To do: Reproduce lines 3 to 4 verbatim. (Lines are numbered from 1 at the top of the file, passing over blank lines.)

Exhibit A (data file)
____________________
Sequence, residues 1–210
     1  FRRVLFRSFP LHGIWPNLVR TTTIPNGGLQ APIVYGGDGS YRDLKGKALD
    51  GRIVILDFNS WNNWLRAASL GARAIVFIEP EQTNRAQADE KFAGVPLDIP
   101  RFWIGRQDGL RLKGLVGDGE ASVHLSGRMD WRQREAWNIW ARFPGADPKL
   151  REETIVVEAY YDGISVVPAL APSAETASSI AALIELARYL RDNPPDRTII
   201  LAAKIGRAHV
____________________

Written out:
    51  GRIVILDFNS WNNWLRAASL GARAIVFIEP EQTNRAQADE KFAGVPLDIP
   101  RFWIGRQDGL RLKGLVGDGE ASVHLSGRMD WRQREAWNIW ARFPGADPKL